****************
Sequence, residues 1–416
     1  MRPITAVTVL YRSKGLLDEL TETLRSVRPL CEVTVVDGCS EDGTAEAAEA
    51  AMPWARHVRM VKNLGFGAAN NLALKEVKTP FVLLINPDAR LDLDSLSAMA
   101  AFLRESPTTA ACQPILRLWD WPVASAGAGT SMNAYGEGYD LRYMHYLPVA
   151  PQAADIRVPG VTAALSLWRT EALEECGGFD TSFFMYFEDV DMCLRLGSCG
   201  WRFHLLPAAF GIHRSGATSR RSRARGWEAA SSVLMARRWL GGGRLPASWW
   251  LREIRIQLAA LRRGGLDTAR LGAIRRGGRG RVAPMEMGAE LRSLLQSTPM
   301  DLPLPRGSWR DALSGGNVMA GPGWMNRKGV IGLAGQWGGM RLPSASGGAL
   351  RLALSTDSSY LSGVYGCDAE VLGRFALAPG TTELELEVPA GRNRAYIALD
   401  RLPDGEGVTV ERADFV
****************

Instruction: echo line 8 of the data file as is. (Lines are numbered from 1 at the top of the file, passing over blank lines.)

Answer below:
   301  DLPLPRGSWR DALSGGNVMA GPGWMNRKGV IGLAGQWGGM RLPSASGGAL